NYC Firefighters To Stop Using Lights And Sirens When Responding To Certain Non-Fire And Non-Life Threatening Emergencies

New York City’s fire trucks collided with other vehicles and with one another nearly 700 times last year. In an attempt to increase safety for firefighters and civilians by reducing the number of accidents caused while responding to non-fire and non-life threatening emergencies the New York City Fire Department is implementing a 3-month Modified Response pilot program in Queens effective October 4, 2010.

The new protocol increases the instances where the either none or at most one first-due units will respond at a reduced speed and obey all traffic regulations. All-out emergency responses will still apply for fires and medical calls. It is hoped that the new protocol will reduce the number of fire apparatus responses using lights and sirens to non-fire and non-life threatening emergencies citywide by more than 300,000 annually – a 30 percent reduction since FDNY apparatus respond nearly one million times a year.

From the perspective of a plaintiffs personal injury lawyer, credit must be given to the Fire Department because it may be increasing its exposure to liability if a fire truck being operated negligently causes an accident. Under current law, if the driver of an emergency vehicle has its lights and sirens on, even if the driver is negligent, there will not by any liability because the law requires recklessness that the vehicle was being operated with reckless disregard for the safety of others.

Pursuant to Vehicle and Traffic Law 1104, an emergency vehicle responding to an emergency situation may park where necessary, speed, pass a red light, or ignore turning restrictions. Without the lights and sirens activated, the fire department will not be able to assert its non-liability upon the ground that the plaintiff cannot prove recklessness. Non-fire and non-life threatening call types have increased dramatically in the past 10 years.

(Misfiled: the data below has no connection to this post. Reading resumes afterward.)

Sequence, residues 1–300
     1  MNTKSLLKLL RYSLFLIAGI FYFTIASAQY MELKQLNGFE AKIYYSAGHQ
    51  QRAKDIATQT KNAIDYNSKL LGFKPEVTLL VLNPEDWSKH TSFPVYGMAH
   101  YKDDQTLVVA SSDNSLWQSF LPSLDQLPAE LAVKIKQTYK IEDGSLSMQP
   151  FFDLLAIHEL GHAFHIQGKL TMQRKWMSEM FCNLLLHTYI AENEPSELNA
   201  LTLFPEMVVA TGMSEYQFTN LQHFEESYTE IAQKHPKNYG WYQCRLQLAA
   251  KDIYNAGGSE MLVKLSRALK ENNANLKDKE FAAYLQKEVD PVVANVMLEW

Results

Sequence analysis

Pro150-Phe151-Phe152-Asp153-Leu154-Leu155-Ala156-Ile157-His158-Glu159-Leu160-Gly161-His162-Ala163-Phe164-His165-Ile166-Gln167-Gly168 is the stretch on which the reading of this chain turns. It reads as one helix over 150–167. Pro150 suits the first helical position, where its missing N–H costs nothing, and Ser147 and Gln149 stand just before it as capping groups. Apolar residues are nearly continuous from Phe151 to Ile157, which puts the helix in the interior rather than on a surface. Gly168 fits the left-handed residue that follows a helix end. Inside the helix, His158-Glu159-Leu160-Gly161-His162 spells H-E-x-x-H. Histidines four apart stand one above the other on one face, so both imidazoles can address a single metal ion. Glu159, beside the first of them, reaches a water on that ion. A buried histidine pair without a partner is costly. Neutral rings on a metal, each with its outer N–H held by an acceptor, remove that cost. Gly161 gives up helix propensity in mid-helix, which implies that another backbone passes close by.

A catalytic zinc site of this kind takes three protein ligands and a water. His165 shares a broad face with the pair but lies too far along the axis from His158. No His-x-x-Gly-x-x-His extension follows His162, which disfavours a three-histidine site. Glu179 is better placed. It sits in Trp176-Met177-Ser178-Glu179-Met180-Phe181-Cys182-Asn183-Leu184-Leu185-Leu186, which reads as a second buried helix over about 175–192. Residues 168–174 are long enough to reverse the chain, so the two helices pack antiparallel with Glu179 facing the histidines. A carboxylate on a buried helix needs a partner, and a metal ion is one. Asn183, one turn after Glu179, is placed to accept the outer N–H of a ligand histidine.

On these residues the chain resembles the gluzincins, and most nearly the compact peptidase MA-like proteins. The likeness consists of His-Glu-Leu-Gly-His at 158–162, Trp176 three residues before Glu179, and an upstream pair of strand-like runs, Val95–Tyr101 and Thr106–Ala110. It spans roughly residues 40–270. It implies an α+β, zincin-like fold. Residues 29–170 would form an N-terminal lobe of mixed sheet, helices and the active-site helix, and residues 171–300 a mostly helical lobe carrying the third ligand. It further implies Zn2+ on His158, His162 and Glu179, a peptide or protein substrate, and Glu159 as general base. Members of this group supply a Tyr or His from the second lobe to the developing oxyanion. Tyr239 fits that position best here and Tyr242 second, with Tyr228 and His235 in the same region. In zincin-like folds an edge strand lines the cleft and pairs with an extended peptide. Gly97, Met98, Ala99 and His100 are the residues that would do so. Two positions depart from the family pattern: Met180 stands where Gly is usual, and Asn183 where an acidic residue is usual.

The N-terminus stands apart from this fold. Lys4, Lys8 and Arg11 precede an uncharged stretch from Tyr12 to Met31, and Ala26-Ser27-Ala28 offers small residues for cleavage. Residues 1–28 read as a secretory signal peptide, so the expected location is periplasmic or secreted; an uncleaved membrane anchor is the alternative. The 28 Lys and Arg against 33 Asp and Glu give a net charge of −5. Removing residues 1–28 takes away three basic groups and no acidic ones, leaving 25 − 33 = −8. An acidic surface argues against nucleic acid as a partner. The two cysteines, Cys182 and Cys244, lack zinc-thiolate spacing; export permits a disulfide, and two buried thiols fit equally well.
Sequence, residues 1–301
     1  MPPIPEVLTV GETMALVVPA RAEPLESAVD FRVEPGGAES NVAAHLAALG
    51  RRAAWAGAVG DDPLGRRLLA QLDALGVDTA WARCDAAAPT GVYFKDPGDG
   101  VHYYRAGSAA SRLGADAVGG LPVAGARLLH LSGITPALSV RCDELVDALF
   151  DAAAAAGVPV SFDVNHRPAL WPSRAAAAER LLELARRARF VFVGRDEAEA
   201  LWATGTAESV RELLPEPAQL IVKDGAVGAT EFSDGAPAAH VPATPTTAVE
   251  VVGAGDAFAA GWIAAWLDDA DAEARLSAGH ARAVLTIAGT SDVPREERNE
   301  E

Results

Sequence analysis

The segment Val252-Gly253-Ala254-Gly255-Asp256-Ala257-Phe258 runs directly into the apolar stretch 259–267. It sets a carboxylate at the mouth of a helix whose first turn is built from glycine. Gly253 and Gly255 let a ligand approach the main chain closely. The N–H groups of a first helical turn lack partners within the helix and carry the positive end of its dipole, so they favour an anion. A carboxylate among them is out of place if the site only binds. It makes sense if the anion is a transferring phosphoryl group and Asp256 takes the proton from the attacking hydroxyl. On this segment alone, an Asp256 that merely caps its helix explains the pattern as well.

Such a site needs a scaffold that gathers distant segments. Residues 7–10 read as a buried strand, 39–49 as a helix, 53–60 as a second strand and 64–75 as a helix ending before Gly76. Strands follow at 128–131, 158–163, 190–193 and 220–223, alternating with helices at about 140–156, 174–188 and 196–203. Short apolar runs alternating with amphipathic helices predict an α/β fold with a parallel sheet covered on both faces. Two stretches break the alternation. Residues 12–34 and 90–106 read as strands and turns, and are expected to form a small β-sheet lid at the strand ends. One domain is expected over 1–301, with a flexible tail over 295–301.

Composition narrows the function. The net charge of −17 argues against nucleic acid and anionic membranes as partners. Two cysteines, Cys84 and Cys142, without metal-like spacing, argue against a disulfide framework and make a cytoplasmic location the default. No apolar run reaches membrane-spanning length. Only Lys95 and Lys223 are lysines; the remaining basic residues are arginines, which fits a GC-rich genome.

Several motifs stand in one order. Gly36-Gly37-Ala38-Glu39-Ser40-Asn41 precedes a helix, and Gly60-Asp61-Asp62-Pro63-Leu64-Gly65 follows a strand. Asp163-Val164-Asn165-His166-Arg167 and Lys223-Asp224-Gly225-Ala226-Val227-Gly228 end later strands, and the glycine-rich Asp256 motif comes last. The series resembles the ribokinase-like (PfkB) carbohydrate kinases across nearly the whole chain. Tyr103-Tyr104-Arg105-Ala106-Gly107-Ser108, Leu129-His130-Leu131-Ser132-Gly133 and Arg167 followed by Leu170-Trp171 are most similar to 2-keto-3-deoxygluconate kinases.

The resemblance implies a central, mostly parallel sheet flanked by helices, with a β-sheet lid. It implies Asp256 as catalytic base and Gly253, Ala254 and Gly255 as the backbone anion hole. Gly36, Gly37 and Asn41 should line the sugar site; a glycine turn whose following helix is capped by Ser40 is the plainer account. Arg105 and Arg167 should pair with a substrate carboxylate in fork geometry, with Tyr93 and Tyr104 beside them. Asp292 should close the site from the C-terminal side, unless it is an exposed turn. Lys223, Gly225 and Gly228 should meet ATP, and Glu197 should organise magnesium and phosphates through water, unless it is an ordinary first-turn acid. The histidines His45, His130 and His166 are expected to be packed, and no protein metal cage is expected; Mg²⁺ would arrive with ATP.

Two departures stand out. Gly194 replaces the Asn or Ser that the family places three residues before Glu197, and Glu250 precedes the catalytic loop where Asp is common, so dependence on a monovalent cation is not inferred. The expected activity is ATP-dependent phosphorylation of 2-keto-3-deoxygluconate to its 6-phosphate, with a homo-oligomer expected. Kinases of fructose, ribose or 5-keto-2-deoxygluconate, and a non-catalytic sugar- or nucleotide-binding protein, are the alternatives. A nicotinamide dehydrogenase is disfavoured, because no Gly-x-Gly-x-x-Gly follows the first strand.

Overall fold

Last year, FDNY responded to 194,406 such incidents, often sending multiple fire trucks to each call. The Fire Department’s Bureau of Operations has categorized the types of calls to receive Modified Response into two groups: Group 1 consists of calls for reports of water leaks, downed trees and pulled alarm boxes in the overnight hours where there is no secondary source of information. Instead of a single unit response in emergency mode, under the Modified Response Pilot Program these call types in Queens will still receive a single unit response, but that unit now will respond at a reduced speed and obey all traffic regulations, without the use of lights and sirens. Group 2 consists of odors other than smoke (such as gas or fumes), sprinkler and automatic alarms, electrical emergencies, manhole emergencies and other fire alarm systems. Currently, these call types can bring up to five units (three engine companies and two ladder companies) in emergency mode.

Under the Modified Response Pilot Program, these call types in Queens will still receive up to five units, but only the first-due units (one engine and one ladder) will respond in emergency mode. The additional units will respond at a reduced speed and obey all traffic regulations, without the use of lights and sirens. Upon arrival, the fire officers from the first due units will evaluate the incident and make a determination if the additional responding units are needed, or if they should return to quarters and remain in service. At any time, on any call, a fire officer responding to one of the above-mentioned call types can instruct all units to immediately respond in emergency mode based on additional information from dispatchers or by the officer’s evaluation on scene.

Also this week (Oct. 3 to 9) the FDNY will commemorate Fire Prevention Week 2010. The week is a way for the FDNY to stress the importance of fire safety for all New Yorkers. Citywide fire safety events will be held throughout the five boroughs.

The lawyers at Levine & Slavit have decades of experience handling personal injury claims including those involving auto accidents. For over 50 years spanning 3 generations, we have obtained results for satisfied clients. We have offices in Manhattan and Long Island, handling cases in New York City, the Bronx, Brooklyn, Queens and surrounding areas. If you or someone close to you has been injured in a motor vehicle accident, contact the personal injury lawyers at Levine & Slavit for their help. To learn more, watch our videos.

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